“We have that expertise in-house, in many cases, and we have the connections outward in foreign countries and across the country to get the records we want,” Meyerink said. Therefore, when you hire a researcher, you get his or her friends, too. “You’re going through one person for a certain agency like Ancestry, but you’re unlocking the door to a wide range of access points and access vehicles to get to records, information, and understanding.”

Meyerink likes to point out that we all hire professionals when we need them, based on the value they can provide to us. “The professional in any endeavor is there to save the client time, money, hassle, and error,” he said. “That pertains for every profession out there. It won’t always save you all four of those; it might cost you a little more money than doing it yourself, but take a lot less time, for instance.”

Therefore, if you are stuck in your own pursuit of genealogical information, consider going to the pros to get your tree back on track.



Past Articles

The Hochstetler Massacre

Posted by Kelly Kautz on July 27, 2017 in Guest Bloggers

When talking about family history, my mom would sometimes tell me the story of an Indian massacre. A distant ancestor of ours had been murdered by a neighboring Indian tribe. She couldn’t remember many details, and I’d always assumed her story was a myth. But while tracing a branch of my family tree back to Read More

Want to Star in an Ancestry Commercial?

Posted by Jessica Latinović on July 26, 2017 in AncestryDNA, News

Have your AncestryDNA results inspired you to travel somewhere new or achieve something great? Tell us about it! Nothing speaks to the power of Ancestry better than our very own customers. We’re currently in search of the most compelling and unique customer stories to feature in a future Ancestry commercial. Visit our entry pages to submit a Read More

Is AncestryDNA helpful for Jewish Genealogy?

Posted by Jasmine Rockow on July 21, 2017 in ProGenealogists

Experts discuss common pitfalls and share their strategies for success Autosomal DNA testing has become a standard tool used by many genealogists, and it has helped people discover unknown Jewish ancestry. But using autosomal DNA in Jewish research is filled with challenges, due in large part to the Jewish Diaspora and a long history of Read More

Go Fishing with Cousin Bait

Posted by Denise May Levenick on July 20, 2017 in Guest Bloggers

Are you making it easy for cousins and fellow genealogists to find your family photos in an Ancestry online photo gallery? Genealogy bloggers often use “cousin bait” to catch relatives searching the internet for family names, but did you know that Ancestry Public Member Trees can help catch cousins too? What is “cousin bait” and Read More

Enhancing Collaboration and Roles on DNA Results

Posted by Anna Swayne on July 13, 2017 in AncestryDNA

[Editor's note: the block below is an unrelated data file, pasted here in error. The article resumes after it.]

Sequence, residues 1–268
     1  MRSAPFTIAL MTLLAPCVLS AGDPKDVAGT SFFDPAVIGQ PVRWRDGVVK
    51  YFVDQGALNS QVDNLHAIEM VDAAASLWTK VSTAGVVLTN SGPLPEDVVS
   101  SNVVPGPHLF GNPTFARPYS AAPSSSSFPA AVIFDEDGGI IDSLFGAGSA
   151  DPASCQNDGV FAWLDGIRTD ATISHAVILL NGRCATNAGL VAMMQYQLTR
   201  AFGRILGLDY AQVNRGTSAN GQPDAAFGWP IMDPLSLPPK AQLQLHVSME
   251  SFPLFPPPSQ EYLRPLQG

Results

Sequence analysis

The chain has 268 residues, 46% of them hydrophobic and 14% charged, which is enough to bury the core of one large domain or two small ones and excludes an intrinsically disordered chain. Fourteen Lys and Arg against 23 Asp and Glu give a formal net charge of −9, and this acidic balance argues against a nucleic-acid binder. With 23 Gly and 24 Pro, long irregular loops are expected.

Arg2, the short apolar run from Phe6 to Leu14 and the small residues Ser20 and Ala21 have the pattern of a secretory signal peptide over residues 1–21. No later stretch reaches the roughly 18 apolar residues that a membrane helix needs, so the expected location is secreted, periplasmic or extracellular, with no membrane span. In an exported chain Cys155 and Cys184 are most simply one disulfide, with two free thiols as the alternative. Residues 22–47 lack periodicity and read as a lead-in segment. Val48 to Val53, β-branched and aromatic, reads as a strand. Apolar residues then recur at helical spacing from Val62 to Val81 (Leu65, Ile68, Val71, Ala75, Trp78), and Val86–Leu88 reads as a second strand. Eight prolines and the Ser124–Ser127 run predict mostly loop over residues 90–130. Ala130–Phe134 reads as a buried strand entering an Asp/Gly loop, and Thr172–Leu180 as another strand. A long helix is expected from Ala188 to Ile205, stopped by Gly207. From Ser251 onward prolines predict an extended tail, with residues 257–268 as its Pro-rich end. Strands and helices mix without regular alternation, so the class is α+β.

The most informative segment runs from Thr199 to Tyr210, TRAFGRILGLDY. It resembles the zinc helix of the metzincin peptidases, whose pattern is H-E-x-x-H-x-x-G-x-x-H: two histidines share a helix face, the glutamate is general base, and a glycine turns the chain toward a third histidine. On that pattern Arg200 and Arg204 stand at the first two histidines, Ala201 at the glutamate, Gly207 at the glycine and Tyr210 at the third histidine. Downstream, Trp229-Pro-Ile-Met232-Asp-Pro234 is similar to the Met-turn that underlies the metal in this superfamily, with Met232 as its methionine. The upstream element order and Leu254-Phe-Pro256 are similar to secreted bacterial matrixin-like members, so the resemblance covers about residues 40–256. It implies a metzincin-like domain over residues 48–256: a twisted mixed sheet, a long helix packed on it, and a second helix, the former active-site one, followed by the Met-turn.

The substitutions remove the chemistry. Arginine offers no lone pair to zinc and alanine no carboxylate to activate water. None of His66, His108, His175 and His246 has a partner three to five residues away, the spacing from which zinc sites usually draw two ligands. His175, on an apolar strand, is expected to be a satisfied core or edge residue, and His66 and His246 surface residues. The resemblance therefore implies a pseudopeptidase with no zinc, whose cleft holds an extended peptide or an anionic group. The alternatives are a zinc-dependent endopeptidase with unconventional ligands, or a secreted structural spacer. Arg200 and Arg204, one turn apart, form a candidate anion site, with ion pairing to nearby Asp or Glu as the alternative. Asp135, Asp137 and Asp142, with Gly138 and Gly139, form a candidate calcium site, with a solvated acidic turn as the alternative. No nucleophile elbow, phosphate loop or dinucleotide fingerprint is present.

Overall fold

As the AncestryDNA service has grown, we are increasingly hearing about families taking DNA tests together. Family members want easier and more powerful ways to collaborate with each other to make discoveries in their family story, all while still maintaining control and privacy of their own information. We recently made some changes that allow Read More

How Did Your Ancestors Shape Our Nation’s History?

Posted by Laura Renda on July 6, 2017 in Guest Bloggers

As we celebrate the founding of this great nation, many will wonder, “What role did my ancestors play in establishing the freedoms we enjoy today?” You may be surprised by what you discover. As a nation, we honor the founding fathers, who risked their lives and liberty to declare our independence, but many others contributed Read More

RootsMagic brings Ancestry Features to their Desktop Software

Posted by Ancestry Team on June 28, 2017 in Website

Last year, we announced we were working with RootsMagic™, a leading desktop genealogy application, to allow Ancestry® subscribers to connect their Ancestry accounts to the RootsMagic software. Since that time, Ancestry has developed a new technology to integrate Ancestry Hints® and Ancestry’s records and online trees with RootsMagic products. Today, RootsMagic launches a free update Read More

Make Misspellings Work For You

Posted by Linda Barnickel on June 27, 2017 in Guest Bloggers

Often, beginning genealogists miss their ancestors by sticking too firmly to the idea that “that’s not how my family spelled their name, so it can’t be my ancestor.” This statement ignores these basic truths: 1) Ancestors who were illiterate would have no idea how to spell their own name, let alone how someone else should Read More

Three Ways to Take Aim at Southern Brick Walls

Posted by Erika Manternach on June 21, 2017 in Guest Bloggers

Tracing ancestors in the American South in the 19th century produces some of the most frustrating genealogical challenges. The troublesome trademarks of these searches are all too common: ancestors who married before 1850, and therefore do not appear by name with their parents in earlier censuses; a female family member who married and changed her Read More